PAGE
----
top ten concepts of shenzhen

On November 28, I participated in a symposium to celebrate the English language edition of Top Ten Concepts of Shenzhen (深圳十大观念 for Chinese i-pad version).

The production, organization and publication of the Top Ten have been very Shenzhen, so to speak. The Publishing House of Shenzhen Press Group (深圳报业集团出版社) created an online website, where people could vote for the slogans and campaigns that they though best represent the city’s history. These slogans and campaigns were then re-presented (re-issued?) as concepts that epitomize Shenzhen’s values and way of thinking. Thus, in his preface, Guangdong Provincial Committee Standing Member and Shenzhen Party Secretary, Wang Rong, “[T]he top 10 concepts are the concrete manifestation of the era’s zeitgeist and a vivid imprint of the reform and opening-up program.”

The ideological slippage from political slogans and campaigns to civic values and zeitgeist interests me because it points to Shenzhen’s simultaneously fraught and co-dependent relationship with Beijing. On the one hand, experimentation in Shekou and early Shenzhen legitimated ongoing policy debates in the Chinese capital. On the other hand, the Shenzhen model, specifically and the Guangdong model more generally continue to be at slight odds with the rest of the country. Specifically, Shenzhen continues to advocate a managerial approach to governance, promoting not simply business, but also entrepreneurship and a vibrant grassroots economy.

Two of the slogans did, in fact, challenge prevailing political currents and concomitant power structure. Yuan Geng provided the two most obvious examples — “Time is money, efficiency is life” (1981) and “Empty talk endangers the nation, practical work brings prosperity” (1992). The first was a clear challenge to the Maoist planned economy. The second not only expressed Shekou’s ongoing support of Reform policies, but also the industrial zone’s continued advocacy of talented young people with alternative ideas. The Top Ten discussion of “Empty talk” introduces the history of the Shekou Storm. At the time, Yuan Geng emphasized that while Beijing officials blathered on about ideology, Shekou youth were building the future. The decision to erect the “Empty talk” billboard in the aftermath of the June 4th Incident was especially telling because Shekou actively hired transferred hukou of intellectuals who had been sidelined for their support of students.

Nevertheless, thirty years later, those same slogans uncannily echo neo-liberal values throughout the world. “Time is money” quickly looses its oppositional potential when we remember that in Shenzhen, workers’ wages have not kept up with the price of housing; many white-collar workers are also unable to purchase homes. Likewise, “Empty talk” no longer seems  an effort to protect those with alternative ideas as it does the instruction to “suck it up”. It is therefore unsurprising that concepts 3-10 express the municipality’s ongoing efforts to promote neo-liberal neo-confucianism. More to the point, these concepts clearly resonate with Wang Yang’s call to deepen and extend neo-liberalism not only in Guangdong, but also throughout the rest of China.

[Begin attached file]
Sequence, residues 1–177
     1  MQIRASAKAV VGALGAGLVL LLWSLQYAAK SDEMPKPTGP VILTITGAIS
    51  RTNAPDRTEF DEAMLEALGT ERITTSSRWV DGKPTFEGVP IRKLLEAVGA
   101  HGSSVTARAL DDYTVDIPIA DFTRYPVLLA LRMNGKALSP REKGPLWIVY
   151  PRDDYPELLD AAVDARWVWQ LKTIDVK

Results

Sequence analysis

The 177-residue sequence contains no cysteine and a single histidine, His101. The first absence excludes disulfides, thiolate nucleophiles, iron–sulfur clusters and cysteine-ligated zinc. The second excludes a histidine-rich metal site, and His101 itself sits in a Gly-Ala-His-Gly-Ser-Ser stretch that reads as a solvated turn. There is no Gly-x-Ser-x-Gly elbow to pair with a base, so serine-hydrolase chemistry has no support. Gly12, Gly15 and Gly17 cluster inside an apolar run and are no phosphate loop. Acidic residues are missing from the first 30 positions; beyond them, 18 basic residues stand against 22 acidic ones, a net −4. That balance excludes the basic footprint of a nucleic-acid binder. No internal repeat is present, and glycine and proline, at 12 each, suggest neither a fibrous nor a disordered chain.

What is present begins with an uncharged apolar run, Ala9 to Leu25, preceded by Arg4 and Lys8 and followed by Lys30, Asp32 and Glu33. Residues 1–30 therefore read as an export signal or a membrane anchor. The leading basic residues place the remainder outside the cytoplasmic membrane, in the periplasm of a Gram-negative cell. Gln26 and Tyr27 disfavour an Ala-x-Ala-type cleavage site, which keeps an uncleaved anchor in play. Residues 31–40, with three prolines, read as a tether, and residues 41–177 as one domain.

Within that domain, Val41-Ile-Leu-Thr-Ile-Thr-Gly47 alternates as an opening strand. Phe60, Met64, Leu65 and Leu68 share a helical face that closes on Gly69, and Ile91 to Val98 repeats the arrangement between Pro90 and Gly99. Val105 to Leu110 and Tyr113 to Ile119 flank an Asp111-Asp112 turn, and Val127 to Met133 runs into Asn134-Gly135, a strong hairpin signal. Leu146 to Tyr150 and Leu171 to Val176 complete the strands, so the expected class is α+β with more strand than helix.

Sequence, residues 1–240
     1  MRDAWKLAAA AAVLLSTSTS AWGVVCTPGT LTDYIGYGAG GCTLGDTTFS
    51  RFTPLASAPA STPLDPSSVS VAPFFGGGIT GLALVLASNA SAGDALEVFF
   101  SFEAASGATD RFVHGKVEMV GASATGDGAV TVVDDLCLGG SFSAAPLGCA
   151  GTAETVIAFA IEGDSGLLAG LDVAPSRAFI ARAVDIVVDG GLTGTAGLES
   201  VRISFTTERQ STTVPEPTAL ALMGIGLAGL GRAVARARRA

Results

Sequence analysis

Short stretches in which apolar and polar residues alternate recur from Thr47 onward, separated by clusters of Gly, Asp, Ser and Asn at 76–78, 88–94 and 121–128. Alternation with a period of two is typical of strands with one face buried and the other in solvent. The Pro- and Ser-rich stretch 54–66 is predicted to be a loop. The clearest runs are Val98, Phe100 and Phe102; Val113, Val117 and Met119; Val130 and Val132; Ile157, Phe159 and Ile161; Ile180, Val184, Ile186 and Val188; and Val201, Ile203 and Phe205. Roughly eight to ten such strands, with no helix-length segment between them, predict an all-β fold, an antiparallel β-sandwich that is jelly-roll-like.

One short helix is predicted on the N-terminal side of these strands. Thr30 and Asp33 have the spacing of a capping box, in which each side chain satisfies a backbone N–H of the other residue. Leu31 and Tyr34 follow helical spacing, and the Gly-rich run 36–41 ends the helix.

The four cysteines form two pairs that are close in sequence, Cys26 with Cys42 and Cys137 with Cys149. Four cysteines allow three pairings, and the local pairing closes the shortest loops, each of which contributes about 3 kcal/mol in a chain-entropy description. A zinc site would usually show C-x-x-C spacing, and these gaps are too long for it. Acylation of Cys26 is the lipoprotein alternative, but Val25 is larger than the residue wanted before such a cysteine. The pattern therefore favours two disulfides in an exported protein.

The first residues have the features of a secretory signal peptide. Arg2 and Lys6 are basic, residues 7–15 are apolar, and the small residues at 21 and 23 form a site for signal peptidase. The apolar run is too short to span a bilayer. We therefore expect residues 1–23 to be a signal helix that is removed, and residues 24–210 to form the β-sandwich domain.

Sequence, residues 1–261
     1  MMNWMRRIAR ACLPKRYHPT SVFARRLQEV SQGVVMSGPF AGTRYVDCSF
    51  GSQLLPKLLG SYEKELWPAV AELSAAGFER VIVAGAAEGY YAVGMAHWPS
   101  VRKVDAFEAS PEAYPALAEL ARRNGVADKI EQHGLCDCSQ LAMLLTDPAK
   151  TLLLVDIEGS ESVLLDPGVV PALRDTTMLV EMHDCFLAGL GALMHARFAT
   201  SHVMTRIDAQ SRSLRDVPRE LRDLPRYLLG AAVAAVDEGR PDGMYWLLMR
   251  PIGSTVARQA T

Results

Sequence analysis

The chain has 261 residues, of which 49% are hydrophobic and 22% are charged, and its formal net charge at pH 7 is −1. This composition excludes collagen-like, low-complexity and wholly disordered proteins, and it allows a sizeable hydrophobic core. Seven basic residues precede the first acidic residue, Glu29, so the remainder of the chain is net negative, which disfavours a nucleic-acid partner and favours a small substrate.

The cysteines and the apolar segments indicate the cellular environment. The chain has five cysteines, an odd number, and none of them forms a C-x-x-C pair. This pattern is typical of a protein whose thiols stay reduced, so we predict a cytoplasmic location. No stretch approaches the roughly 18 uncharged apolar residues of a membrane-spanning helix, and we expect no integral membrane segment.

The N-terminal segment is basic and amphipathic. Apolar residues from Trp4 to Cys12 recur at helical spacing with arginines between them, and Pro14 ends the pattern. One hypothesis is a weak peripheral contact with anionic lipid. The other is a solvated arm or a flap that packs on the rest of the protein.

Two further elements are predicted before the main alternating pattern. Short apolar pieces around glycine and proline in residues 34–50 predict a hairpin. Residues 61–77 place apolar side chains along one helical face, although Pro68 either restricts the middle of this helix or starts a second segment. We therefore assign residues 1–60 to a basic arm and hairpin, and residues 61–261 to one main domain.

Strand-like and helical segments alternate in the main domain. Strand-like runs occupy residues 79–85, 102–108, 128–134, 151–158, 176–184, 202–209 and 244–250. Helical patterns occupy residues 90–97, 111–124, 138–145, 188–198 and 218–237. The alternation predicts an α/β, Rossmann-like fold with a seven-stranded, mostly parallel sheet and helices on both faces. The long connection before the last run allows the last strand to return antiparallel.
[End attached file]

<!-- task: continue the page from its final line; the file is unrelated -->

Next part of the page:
I’m thinking that it is thus best to read the Top Ten as a list of double-edged swords. As political campaigns and slogans, the concepts reflect contemporaneous power games. “Shenzhen embraces the world”, for example, was a blatant attempt to justify outrageous spending on the 2011 Universiade, while “You’re a Shenzhener once you come” is the self-serving motto of the Shenzhen Volunteer Association; what exactly does it mean that everyone is a Shenzhener when less than 1/5 of the population has a Shenzhen hukou? However, when understood as exemplars of civic values and a city’s zeitgeist, the concepts illuminate cracks within the power structure and spaces for alternative practices, both in business and everyday life. Indeed, it would be wonderful if these slogans/values might in turn reshape Shenzhen’s neo-liberal juggernaut, creating spaces for legitimate political opposition and open debate on whither the next thirty years of reform.

The top ten concepts are: Time is money, efficiency is life; Empty talk endangers the nation, practical work brings prosperity; Dare to become the world’s first; Reform and innovation are the root and soul of Shenzhen; Let Shenzhen be respected for its enthusiasm for reading; Innovation encouraged and failure tolerated; Fulfilling the cultural rights of citizens; The fragrance of the rose lingers on the hand that gives; Shenzhen embraces the world; and You’re a Shenzhener once you come here.

China Daily and Shenzhen Daily coverage of the symposium online.

3 thoughts on “top ten concepts of shenzhen

  1. Pingback: the shenzhen-guangdong model is xi jinping’s road to recovery! « Shenzhen Noted

  2. Would appreciate if you could let me know where in Shenzhen can I get the English version of the top ten concepts.

    Thank you

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